Interestingly, spoons have been hard to come by when it comes to traditional Christmasy activities like watching festive movies, decking the halls, and baking more cookies than I could feasibly eat as a single individual. I’m not sure if it’s me being exhausted by “traditional” Christmas overall, or if it’s connected to the increased activity and my overall pull toward a “darker” holiday (and, I gather, the increasing popularity of Yule Goats), or both, or something else entirely, or a combination. But the image of Christmas being pushed (as it always has been) is increasingly not lining up with what I feel to be happening around this time of year. It does seem, though, that Christmas imagery is slowly changing to reflect the overall seasonal vibe (the aforementioned Yule Goat, straw goats both large and small that are ubiquitous in Sweden, as well as an increased popularity of figures like Krampus over the past several years).

And who knows, it could also be part of the overall anti-consumerism push among us young people out to kill all the industries because we don’t have the resources to keep up with the Joneses and are sick of hearing that we have to on principle.

The Wildlife (or, Don’t F@#k with Bears)

I didn’t find it in the newspaper I purchased, but my coworker told me about a news item she read about how there have been five bear attacks this season. Some bears will protect their cubs, but others will attack without reason. (Additionally, a friend of hers was taking his dog for a walk up by the lake and found fresh bear scat and huge tracks, and when he found a fresh kill he grabbed his dog and booked it back to civilization. She also mentioned the time her sister was charged by a mother moose, who dented her rental car.)

Us locals all have stories like this. I was told when I went to Yellowstone to not get within seventy-five feet of the bison we may encounter, and I remember observing them down a gentle slope from a distance of a few hundred feet, and leaving it there. And, I’ve always been a little freaked out by the moose. When one hopped the fence when I was little, minding its own, I ran back to the house. When they wander through my complex/neighborhood, I stay indoors and sometimes watch them from a distance. I wouldn’t get too close to them, I don’t stand a chance.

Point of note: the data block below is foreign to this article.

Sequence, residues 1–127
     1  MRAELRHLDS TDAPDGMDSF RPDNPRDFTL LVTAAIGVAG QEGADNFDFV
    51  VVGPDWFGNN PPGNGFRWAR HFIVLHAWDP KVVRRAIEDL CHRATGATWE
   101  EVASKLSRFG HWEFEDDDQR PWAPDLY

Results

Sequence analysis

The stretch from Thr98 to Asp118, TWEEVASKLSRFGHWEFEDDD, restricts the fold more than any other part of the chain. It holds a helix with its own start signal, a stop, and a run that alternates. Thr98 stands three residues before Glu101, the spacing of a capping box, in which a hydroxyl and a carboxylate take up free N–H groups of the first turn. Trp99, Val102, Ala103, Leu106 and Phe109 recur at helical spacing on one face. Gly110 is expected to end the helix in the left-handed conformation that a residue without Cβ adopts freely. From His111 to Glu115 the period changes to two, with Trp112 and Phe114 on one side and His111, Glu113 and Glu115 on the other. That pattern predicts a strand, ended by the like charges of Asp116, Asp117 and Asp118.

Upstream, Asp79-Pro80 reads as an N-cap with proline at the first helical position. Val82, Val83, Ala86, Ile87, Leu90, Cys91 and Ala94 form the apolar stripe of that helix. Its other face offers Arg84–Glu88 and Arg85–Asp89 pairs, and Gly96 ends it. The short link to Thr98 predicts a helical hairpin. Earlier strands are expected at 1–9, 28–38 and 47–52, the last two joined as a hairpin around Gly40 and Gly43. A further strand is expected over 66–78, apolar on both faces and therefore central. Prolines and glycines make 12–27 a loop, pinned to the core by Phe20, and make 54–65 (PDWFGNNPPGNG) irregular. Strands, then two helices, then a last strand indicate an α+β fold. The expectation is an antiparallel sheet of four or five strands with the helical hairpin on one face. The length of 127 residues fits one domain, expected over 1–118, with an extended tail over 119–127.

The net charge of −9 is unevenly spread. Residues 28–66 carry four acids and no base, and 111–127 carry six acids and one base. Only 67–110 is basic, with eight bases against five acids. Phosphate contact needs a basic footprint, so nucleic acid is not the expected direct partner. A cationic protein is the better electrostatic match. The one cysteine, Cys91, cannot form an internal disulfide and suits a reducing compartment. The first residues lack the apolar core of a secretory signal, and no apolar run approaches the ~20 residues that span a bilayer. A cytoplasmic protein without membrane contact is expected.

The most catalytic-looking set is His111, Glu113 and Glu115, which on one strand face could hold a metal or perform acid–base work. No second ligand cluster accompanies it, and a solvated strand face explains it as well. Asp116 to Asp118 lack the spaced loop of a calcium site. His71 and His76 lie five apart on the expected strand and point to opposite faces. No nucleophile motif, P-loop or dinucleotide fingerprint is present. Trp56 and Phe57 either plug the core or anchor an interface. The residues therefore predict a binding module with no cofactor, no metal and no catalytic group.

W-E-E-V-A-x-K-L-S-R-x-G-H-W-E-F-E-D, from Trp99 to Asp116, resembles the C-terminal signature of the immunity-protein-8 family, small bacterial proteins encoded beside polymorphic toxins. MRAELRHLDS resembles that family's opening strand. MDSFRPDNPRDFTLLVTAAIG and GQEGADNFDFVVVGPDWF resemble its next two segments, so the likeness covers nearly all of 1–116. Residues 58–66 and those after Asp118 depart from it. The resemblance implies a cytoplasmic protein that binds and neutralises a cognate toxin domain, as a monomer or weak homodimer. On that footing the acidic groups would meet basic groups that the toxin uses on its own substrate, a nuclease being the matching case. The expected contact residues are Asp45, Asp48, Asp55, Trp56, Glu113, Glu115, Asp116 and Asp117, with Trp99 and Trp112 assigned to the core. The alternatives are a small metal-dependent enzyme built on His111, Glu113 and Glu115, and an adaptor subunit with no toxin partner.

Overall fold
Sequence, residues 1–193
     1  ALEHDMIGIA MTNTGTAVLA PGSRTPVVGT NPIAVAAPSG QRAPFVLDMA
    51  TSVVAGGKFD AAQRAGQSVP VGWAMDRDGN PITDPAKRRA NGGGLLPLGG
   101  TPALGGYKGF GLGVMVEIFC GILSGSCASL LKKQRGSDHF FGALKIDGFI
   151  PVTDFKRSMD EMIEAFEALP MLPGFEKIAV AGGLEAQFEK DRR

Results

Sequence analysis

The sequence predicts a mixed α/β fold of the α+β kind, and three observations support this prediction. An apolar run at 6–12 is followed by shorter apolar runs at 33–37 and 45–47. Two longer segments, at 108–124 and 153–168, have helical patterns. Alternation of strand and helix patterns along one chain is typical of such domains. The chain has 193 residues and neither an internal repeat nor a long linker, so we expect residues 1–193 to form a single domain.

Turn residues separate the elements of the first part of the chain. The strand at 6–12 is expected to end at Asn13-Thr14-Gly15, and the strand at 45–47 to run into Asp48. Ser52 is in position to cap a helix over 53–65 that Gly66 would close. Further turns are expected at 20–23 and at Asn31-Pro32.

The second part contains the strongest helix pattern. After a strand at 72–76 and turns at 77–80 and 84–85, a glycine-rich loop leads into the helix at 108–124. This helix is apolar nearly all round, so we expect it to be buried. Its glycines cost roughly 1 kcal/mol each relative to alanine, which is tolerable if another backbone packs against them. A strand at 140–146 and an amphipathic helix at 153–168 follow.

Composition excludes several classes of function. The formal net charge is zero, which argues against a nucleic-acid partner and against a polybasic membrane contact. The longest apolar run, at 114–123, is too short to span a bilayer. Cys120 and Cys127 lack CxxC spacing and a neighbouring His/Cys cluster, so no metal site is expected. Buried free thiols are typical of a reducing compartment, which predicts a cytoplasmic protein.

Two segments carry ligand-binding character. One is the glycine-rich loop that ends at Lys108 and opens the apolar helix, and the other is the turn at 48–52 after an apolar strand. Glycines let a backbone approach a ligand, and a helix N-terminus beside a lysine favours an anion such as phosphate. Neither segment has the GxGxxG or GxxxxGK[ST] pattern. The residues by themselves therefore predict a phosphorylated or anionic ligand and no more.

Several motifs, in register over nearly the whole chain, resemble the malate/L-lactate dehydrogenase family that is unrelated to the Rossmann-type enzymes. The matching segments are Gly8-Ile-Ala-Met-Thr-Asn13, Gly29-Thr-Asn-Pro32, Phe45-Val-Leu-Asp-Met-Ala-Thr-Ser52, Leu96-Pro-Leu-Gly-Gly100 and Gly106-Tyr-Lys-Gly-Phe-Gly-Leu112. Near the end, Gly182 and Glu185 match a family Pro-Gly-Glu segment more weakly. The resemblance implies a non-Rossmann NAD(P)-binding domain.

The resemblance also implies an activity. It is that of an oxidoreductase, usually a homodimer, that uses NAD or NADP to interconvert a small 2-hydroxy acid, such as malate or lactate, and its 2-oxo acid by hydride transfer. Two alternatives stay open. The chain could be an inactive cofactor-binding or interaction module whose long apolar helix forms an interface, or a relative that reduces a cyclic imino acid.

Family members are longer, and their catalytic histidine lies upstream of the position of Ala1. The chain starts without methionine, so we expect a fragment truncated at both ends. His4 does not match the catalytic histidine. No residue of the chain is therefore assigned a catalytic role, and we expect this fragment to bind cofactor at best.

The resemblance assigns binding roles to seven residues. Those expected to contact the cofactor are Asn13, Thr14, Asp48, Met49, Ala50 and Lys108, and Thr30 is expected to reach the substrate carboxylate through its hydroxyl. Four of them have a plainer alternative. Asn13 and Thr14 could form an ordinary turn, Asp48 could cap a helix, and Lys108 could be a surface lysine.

In the past two years we’ve had an influx of outsiders, moreso than usual. They moved here from places like California to escape the pandemic and they don’t know. Last winter was too easy on them and they stayed. But they ask questions to us about “is this [six feet] how close you can safely get to a moose?”, about a sign showing what six feet looks like in terms we recognize (size of a grizzly bear, span of a moose’s antlers). They do shit like pick up bison calves because “they look cold” and cause that calf to be rejected by the herd (true story, though it happened closer to 2007).

I consider myself a cautious person. There are things I know better than to mess with, and large fauna is among them.

(I originally composed this at the start of the month, a few weeks ago, but I couldn’t think of a good ending.)

Yuletide Vandalism 2021, pt. 2

In the early hours of Friday morning (Sweden time), the Gavle Goat was set ablaze. This marks its first defeat in five years following the institution of 24-hour scrutiny. Many of my pagan friends recognize the value in setting the goat ablaze, regardless of legality, and I think many of them recognize the same forces I do: misrule and a pull toward some modernized form of ancient ritual.

Coupled with other reports of recent holiday vandalism, and the overall sense of an increased presence of the gods and spirits in the “ordinary” or mundane world, I think this theory is pretty plausible.

Yuletide Vandalism 2021

I learned (after an impromptu visit from my mother) that the Fox News Christmas Tree (not the Rockefeller one, the one in front of the Fox Station) has been set on fire this morning. The tree is artificial, so this isn’t a Christmas Vacation situation where a loss of tree water can lead to an accident that results in the festive blaze. The person responsible has been arrested, but the motive is unclear as of just a few hours ago.